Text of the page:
BLAST pushed its own viewership platform heavily at the Paris Major. Was it a success? paris major
Image credit: BLAST

In September last year, tournament organiser BLAST launched, its own viewing platform. Designed as a hub to offer a more engaging viewing experience for committed fans, the platform had its biggest test to date with CS:GO’s Paris Major last weekend.

The tournament organiser has now disclosed that the platform saw 27,000 peak viewers, and averaged about 5-10% of the viewership of Twitch — which itself claimed roughly 70% of the event’s viewership. These figures are currently not counted on viewership analytics platforms like Esports Charts. 

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The company also said signed up 100,000 new registered users and drew 1.1m total visitors to the platform over the course of the Major. Users on were found to interact more, chat more and watch two times longer than on other platforms, the company said.

BLAST said it was working on integrating its viewership metrics into Esports Charts, which notably also excludes Chinese viewership data, and GOTV viewers (CS:GO’s in-game viewer).

The platform was promoted heavily during the eponymously named Major, with exclusive perks reserved for its viewers, amongst them 4K streaming and exclusive content.

In an interview with Esports Insider, Tom Greene, Chief Growth Officer at BLAST, said the company was happy with the platform’s growth — which by its own estimates was a 1000% jump over its previous peak viewership record.

“For us, it was a real success story. It really proved the thesis that there were hundreds of thousands of people that wanted to watch, in this case Counter-Strike, in a slightly different way,” Greene said.

The additional 27,000 viewers will do little to change the event’s overall viewership, or alter the Major’s position as the third-most-watched CS:GO Major.

BLAST TV Paris Major CS:GO
Home team Team Vitality won the event, the last ever Major to be held in CS:GO. Image credit: BLAST

Per Esports Charts’ metrics, the Paris Major recorded 1.53m peak viewers, 508,000 average viewers and 59m hours watched on other platforms. It was also the first Counter-Strike event to be streamed on TikTok — though the social video platform only managed a measly peak of 2000 viewers.

But while the viewers watching through BLAST’s proprietary media player may be a splash in the ocean compared to overall viewers, the point of is not necessarily to supersede more established platforms.

Greene explained that one of the value propositions of is its ability to offer more tailored, engaging sponsorship opportunities and inventory for partners. Total control over the platform, and the media player, allows BLAST to deliver customisable activations to what are likely some of the event’s most hardcore, committed fans. In that context, 27,000 is suddenly quite valuable.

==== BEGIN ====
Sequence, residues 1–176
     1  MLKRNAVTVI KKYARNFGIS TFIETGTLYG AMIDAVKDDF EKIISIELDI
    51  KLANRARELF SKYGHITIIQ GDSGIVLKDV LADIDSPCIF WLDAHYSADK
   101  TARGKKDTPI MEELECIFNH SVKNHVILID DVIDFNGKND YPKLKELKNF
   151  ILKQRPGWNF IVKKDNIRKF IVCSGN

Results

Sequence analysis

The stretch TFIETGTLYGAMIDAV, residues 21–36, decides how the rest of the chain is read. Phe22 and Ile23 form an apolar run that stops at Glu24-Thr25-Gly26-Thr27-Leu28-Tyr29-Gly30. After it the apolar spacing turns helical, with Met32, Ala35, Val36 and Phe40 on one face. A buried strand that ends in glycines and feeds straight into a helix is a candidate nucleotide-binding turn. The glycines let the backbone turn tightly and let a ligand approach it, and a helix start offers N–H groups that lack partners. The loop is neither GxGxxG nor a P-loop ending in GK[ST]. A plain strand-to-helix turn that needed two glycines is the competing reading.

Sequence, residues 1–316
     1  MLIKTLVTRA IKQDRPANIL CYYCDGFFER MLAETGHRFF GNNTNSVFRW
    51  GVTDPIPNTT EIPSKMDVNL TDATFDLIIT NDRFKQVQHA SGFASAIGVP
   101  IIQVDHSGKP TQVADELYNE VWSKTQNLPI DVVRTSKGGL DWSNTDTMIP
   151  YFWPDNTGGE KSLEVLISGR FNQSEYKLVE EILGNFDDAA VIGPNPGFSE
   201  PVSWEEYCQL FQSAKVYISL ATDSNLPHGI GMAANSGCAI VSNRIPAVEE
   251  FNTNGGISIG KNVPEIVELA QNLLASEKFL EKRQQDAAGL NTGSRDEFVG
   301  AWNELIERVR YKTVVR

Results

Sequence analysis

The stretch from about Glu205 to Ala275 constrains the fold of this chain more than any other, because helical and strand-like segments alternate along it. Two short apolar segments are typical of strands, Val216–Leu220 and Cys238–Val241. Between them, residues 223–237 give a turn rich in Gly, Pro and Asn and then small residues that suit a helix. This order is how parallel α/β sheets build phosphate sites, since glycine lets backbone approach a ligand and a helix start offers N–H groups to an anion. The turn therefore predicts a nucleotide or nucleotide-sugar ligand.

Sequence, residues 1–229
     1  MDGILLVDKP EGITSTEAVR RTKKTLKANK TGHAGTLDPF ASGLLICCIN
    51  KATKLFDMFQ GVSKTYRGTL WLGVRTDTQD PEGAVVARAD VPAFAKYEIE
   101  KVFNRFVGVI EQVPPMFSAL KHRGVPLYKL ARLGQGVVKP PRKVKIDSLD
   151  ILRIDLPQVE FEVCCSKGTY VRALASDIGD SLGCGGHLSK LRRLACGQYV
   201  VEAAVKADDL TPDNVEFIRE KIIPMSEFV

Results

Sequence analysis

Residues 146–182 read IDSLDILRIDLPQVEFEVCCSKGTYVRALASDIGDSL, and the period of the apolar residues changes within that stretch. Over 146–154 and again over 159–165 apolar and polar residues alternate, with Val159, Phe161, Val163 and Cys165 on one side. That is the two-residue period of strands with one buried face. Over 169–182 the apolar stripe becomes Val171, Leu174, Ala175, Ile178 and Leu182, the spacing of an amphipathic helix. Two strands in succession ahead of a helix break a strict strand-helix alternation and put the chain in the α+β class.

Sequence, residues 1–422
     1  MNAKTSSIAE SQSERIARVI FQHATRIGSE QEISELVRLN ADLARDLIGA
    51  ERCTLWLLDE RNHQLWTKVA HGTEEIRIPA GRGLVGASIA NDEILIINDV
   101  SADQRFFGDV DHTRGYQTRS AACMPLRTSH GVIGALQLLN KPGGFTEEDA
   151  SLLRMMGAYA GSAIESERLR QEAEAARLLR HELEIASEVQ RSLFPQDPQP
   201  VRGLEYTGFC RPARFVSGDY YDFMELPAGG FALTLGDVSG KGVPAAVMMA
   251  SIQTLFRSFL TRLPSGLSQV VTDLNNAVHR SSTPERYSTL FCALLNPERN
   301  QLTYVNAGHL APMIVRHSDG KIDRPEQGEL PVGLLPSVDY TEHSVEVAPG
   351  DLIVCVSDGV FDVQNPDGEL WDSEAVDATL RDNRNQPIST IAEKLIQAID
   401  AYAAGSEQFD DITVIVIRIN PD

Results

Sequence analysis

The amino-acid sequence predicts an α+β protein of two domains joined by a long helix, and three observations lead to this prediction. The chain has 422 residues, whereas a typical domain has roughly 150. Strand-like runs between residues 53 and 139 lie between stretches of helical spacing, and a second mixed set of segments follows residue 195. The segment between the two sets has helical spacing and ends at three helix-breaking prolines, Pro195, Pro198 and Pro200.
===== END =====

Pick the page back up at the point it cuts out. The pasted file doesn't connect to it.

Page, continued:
During the Paris Major, viewers were treated to a fantasy competition sponsored by betting sponsor Unikrn, offered votes on what gamertag to feature on motorsport sponsor Alpine‘s Grand Prix car, and an integrated Pick’Em (prediction challenge) activation in partnership with CS:GO developer Valve.

“[These] are all good examples of how you can utilise direct access to the fanbase to create inventory or activations or authentic marketing pushes that maybe you can’t do elsewhere,” Greene said. “That is a cornerstone of our strategy, to give that access.”

Augmenting the viewership experience to better serve, engage and monetise (hardcore) fans through digital experiences and items is notably an approach recently espoused by League of Legends publisher Riot Games.

In a recent blog post, Riot’s President of Esports argued that this was the way forward for esports revenue generation, in turn announcing a virtual fan pass that aims to monetise online viewers in the absence of pay-per-view and non-negligible English-language media rights.

Greene echoed the sentiment. “What was interesting about that article was the way he was describing direct to consumer channels being the key to getting fans closer to their teams, and offering them ways to transact whilst they’re watching that they might not otherwise be able to. That’s a good example of the type of creative thinking and how one has to expand the horizons a little bit of what it means to monetise users in this area.” is the tournament organiser’s solution to that problem, arguably one of esports’ biggest challenges. The Paris Major was its first big test. As Counter-Strike esports enters a new era with the impending launch of CS2, how we watch may well be following suit.

Jake Nordland
Jake has worked at Esports Insider as a journalist and editor since early 2021. Now ESI's Media Manager, he continues to act as lead editor of print magazine The Esports Journal, and contributes his words to the website from time to time.